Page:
Aug. 23, 2013 at 12:45 PM ET
Want to see a first-run movie tonight? If it's the new Olivia Wilde comedy "Drinking Buddies," you can catch it on opening night at an arthouse theater, or you can plop down on your own couch and order it up on your own TV.
"Drinking Buddies" is just the latest first-run independent film available in theaters and for home video on demand at the same time. In the film's case, it was actually released on demand in late July and opens theatrically in New York and Chicago on Aug. 23, with other cities to follow.
Unlike indie theatrical releases that are generally limited to specialized big-city venues, video on demand doesn't discriminate. Titles are typically available via major cable companies, DirecTV and such digital outlets as iTunes, Amazon Instant Video, Vudu, Xbox and PlayStation.
"It's all about accessibility," "Drinking Buddies" director Joe Swanberg told NBC News. "I like to think about myself as a high school student when I was first falling in love with movies and really paying attention to world cinema. It was so hard to see that stuff. You would read about it, if it premiered at Cannes or Sundance or something, you knew the work existed, but it may be a year and a half before it made it to the nearest big city. If VOD had existed back then I would've been able to be so much more a part of the conversation. The cinephile community is so much bigger than just the major cities, it's so exciting to provide that kind of access."
Following in the footsteps of successful trendsetters including Richard Gere's legal thriller "Arbitrage" and Kevin Spacey's Wall Street crisis drama "Margin Call," more and more filmmakers and distributors are lining up to offer their films on demand the same time -- or up to a month before -- they open in theaters.
"Each year the number of people who are comfortable sitting down and ordering a new release on their TV goes up," Swanberg said. "So the audience grows and grows."
While hard numbers are difficult to come by -- distributors typically only release on-demand grosses to tout successes, as with the eye-popping $11 million haul for 2012's "Arbitrage" -- it's no secret that many of these releases make money. And they do so with a fraction of the advertising budget needed for traditional theatrical runs.
"VOD has actually opened up a new space where it feels like independent films can actually play at the same level as studio projects," Swanberg said. "In terms of putting them on cable systems and iTunes -- where on any given night, 40 million people in America have access to this movie and it's playing on the little 30-minute loop of coming attractions the same way that a Tom Cruise movie is."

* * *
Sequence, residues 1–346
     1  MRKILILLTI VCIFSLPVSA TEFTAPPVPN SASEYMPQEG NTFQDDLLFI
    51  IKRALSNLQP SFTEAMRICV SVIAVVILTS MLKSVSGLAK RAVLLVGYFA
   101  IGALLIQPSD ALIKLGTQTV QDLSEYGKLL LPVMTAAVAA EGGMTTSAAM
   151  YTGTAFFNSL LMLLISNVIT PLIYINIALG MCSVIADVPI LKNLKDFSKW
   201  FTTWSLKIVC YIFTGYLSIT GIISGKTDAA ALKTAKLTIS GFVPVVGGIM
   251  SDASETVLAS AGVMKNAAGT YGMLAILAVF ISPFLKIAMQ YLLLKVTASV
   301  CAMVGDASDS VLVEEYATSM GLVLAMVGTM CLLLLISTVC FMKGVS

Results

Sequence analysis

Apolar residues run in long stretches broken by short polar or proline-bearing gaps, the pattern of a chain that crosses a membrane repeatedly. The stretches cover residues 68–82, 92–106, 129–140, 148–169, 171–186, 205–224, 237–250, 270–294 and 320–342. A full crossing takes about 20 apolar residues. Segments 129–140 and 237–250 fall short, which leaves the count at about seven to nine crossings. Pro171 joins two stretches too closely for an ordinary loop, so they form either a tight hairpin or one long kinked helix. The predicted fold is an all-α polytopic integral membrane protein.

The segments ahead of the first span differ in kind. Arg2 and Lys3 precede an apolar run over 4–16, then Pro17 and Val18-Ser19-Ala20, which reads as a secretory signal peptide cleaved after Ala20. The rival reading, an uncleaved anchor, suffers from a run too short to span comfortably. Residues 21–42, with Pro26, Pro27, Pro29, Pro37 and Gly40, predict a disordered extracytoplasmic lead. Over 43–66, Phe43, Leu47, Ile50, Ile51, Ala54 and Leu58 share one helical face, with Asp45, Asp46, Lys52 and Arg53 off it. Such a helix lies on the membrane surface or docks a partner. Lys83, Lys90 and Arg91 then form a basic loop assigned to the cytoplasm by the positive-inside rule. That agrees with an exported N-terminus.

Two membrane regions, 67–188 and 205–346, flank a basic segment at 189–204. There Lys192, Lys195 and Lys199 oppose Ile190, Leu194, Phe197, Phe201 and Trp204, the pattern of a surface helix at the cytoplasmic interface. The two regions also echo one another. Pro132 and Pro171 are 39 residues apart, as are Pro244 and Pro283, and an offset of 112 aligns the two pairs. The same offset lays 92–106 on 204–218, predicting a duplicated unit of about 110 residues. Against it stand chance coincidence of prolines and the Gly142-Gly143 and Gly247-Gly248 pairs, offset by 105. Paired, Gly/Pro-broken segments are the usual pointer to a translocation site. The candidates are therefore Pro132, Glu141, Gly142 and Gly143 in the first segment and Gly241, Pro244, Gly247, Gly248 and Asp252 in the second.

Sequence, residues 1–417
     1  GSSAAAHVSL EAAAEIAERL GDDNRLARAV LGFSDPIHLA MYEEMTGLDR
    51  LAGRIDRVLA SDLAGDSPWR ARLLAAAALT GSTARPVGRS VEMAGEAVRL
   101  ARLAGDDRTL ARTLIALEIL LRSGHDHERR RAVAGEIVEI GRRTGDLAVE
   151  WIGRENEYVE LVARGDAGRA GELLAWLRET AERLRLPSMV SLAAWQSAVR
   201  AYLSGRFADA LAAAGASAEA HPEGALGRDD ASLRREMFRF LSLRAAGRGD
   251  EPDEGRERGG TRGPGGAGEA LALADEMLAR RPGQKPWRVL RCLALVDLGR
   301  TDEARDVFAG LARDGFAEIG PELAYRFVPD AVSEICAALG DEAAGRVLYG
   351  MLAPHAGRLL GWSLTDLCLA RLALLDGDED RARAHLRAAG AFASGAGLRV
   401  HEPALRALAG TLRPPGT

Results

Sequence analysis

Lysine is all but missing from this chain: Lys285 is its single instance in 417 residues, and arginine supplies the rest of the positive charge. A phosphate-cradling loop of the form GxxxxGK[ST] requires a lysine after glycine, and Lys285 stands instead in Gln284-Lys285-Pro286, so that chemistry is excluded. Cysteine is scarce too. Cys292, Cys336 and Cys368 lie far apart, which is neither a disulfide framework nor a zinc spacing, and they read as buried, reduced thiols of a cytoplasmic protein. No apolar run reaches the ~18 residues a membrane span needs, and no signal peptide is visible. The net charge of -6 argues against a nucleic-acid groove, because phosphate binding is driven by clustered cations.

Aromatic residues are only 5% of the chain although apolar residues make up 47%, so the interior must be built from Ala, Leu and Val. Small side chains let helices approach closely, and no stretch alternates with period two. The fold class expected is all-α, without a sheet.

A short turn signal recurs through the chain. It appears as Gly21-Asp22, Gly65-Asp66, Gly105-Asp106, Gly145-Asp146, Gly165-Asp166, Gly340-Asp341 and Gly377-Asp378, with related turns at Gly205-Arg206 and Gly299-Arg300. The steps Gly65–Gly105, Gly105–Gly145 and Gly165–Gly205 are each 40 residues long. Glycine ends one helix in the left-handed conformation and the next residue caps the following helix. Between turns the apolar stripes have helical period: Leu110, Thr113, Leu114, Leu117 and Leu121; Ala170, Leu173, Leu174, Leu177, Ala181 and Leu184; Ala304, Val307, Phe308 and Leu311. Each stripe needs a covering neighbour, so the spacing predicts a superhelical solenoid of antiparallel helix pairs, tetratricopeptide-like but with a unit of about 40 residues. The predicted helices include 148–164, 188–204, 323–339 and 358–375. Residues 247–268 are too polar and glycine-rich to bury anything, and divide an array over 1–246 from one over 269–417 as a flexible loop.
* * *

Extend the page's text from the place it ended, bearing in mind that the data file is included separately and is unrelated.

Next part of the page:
It still helps to have a big-name cast or concept. That's borne out by some of the most significant recent VOD releases including porn star biopic "Lovelace" starring Amanda Seyfried, ultra-violent action drama "Only God Forgives" starring Ryan Gosling (both released by The Weinstein Company's VOD-friendly division RADiUS) and celebrated auteur Terrence Malick's "To the Wonder" starring Ben Affleck and Rachel McAdams.
When VOD pioneers IFC Films acquired Paul Schrader's controversial erotic thriller "The Canyons" starring tabloid fixture Lohan, the company set about making it a "must-see VOD" title according to president Jonathan Sehring. As Sehring told The Hollywood Reporter prior to the movie's joint VOD and theatrical bow earlier this month, "Paul thinks, and I don’t disagree with him, that aside from the types of movies the studios are doing, the big tentpole things, (VOD in conjunction with theatrical) is going to become the new normal. Today we're talking about 'The Canyons,' but more and more filmmakers are going to be talking about this model."
Except, of course, for the major Hollywood studios. There's a reason the on-demand trend has so far been an indies-only proposition. The biggest theater chains, including AMC and Regal, insist on a 90-day window between a film's theatrical release and any kind of on-demand play. When Universal floated the idea of offering the 2011 Ben Stiller/Eddie Murphy comedy "Tower Heist" on demand at a premium price within a few weeks after opening, the exhibitors vowed to ban the movie from their screens. Universal backed off, and no major studio has even discussed it since. (There's a little experimenting in the VOD realm happening in South Korea with big titles including "Brave" and "Django Unchained," but U.S. audiences shouldn't read that as a sign of anything to come locally.)
The advantages of the current on-demand model are obvious for film fans: you're watching at home, with your own snacks, friends and comfortable seating. On-demand movies are typically around $10 for pre-theatrical releases and $7 for theatrical releases, compared to the average single movie ticket price of $8.38.
But questions linger about what impact the strategy has on a film's box-office take. Examples like "Arbitrage" (which drew $7.9 million in theaters, in addition to its reported record $11 million on-demand take) and "Margin Call" ($6 million on VOD and another $5.4 million in theaters) are rare. Other notable VOD hits have stalled in theaters, including "Bachelorette" ($5.5 million on VOD but under $500,000 in theaters) and "All Good Things" ($6 million on VOD, $600,000 million in theaters). With its emphasis on VOD viewing, "The Canyons" has flatlined, earning under $50,000 in theaters.
Swanberg is hoping for the best with "Drinking Buddies," and despite his enthusiasm for VOD remains resolutely dedicated to a traditional viewing experience: "I'll make no bones about it, watching a movie in a theater is a better way to watch a movie," he said. "Nobody will ever present a compelling argument to me why that isn't the best way to see a movie. But it doesn't mean that the other ways of seeing movies are invalid."